- Why do Jewish women still need to demand equality?
- Four is better than one – or none!
- Is it men?
- Why is the agunah problem still unresolved?
WHY DO JEWISH WOMEN STILL NEED TO DEMAND EQUALITY?
We are well into the 21st Century and Jewish women are not only the majority of the Jewish people, they are highly educated, articulate and well organized. So why haven’t they achieved equality?
The international Council of Jewish Women, an umbrella organization with affiliates in 43 countries, held a demonstration at the Knesset on Sunday, entitled “Jewish Women Worldwide Demand Equality”. Dressed in white and carrying placards with the flags of over 20 countries, women from the US, UK, Israel, France, Switzerland, Belgium, Australia, South Africa, Canada, Columbia, Uruguay,Germany, Slovakia and Croatia stood silently but powerfully. They reminded us that despite the remarkable progress made by women in the “Feminist Revolution” of the past 50 years, women in general and Jewish women in particular, still suffer from inequality in almost every area of contemporary life.
- Decision making in government is still dominated almost entirely by men. Yes, the recent elections in Israel have resulted in the largest number of female MK’s serving in the Knesset, but that number is 27. Certainly not 50% and therefore not even close to equality. Several female ministers are holding important portfolios, but the cabinet is clearly male dominated and decision making at the highest levels of government is controlled by men.
- Economic equality, as recently shown in several studies, does not exist. Women earn approximately 30% less than men, even when they hold executive positions. This inequality exists despite the fact that most Jewish women, including Israel women, are more highly educated than Jewish men. Somehow, the academic achievement of Jewish women does not translate into economic equality. While this economic inequality is found in the public as well as private sectors, it is particularly existent in Jewish communal organizations worldwide. Jewish women are rarely hired as CEO’s of major Jewish organizations, and when they do break through that glass ceiling they are paid less than their male colleagues.
- Religious inequality is perhaps the most glaring and painful form of inequality. The Jewish divorce process is completely controlled by male Orthodox rabbis. We are all aware of the tragic and shameful existence of agunot, women trapped in an unwanted or non-existent marriage because their husbands refuse to give them a get or bill of divorcement. Women cannot be appointed as rabbinical court judges (dayanim) and in Israel, the statutory Commission to Appoint Dayanim is currently unable to function because for the first time in almost two decades not even one woman has been appointed or elected to the Commission. Women’s organizations petitioned the Supreme Court to rectify this situation and the case is pending. Legislation has been proposed in the Knesset which would guarantee three places on the 10 member commission to women and add another position which would be held for a woman. Even if this legislation should be passed, which is doubtful, women would still be in the minority on the Commission.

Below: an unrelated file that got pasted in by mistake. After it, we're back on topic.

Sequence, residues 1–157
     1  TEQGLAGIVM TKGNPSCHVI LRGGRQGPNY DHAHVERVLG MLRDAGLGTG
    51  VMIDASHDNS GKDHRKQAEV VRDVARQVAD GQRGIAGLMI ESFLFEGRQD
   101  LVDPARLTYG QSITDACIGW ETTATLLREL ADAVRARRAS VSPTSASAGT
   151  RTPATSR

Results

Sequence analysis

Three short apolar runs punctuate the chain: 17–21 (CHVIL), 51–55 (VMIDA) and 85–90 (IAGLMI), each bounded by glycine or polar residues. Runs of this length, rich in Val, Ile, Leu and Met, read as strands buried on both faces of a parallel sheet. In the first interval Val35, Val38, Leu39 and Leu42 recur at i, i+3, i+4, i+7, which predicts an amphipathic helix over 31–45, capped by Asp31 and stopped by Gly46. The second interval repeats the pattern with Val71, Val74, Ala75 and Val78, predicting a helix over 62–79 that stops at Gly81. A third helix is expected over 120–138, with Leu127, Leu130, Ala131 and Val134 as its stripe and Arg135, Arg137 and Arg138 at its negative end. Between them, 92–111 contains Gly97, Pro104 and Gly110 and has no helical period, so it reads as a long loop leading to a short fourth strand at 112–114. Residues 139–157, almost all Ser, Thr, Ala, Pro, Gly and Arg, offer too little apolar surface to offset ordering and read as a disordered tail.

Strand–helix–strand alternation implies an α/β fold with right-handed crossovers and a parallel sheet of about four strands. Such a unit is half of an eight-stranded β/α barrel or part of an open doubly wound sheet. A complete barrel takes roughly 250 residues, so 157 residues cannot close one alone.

Women of the Wall have shown us that Jewish women are barred from praying at the Kotel according to their wishes, though Jewish men seem to be able to pray in any manner they choose. The shocking photos of women being arrested for wearing a tallit or carrying a torah are a source of shame to the state of Israel and the Jewish religion worldwide. The recent Jerusalem District Court decision made it very clear that Jewish women have the right to pray as they wish at the Kotel and cannot be arrested for wearing a tallit. These heroic women will be celebrating Rosh Hodesh on Friday, May 10th and the world will be watching to see if those religious fanatics who attack the women will be arrested or allowed to continue their verbal and physical abuse unheeded by the authorities.
- Domestic violence and other forms of violence against Jewish women continue to exist, despite good legislation and more robust enforcement of these laws by the criminal justice system. Almost weekly the media reports still another case of a woman murdered by her husband or partner. Rape continues to be a regular occurrence and Jewish women are not safe in their own homes. Trafficking of women is a worldwide problem and exists in every country.
- Sexual harassment in the workplace seems to be rampant. The current spotlight is on the media with the case of Emanuel Rosen dominating the daily news in Israel. However, as was pointed out in a recent newspaper article, the male dominated workplace has been much too tolerant of sexual harassment, whether it is in universities, government offices, private companies or the army. Women who complain to their superiors are likely to become ostracized and their careers will be shattered. If they file police complaints they will be considered as saboteurs.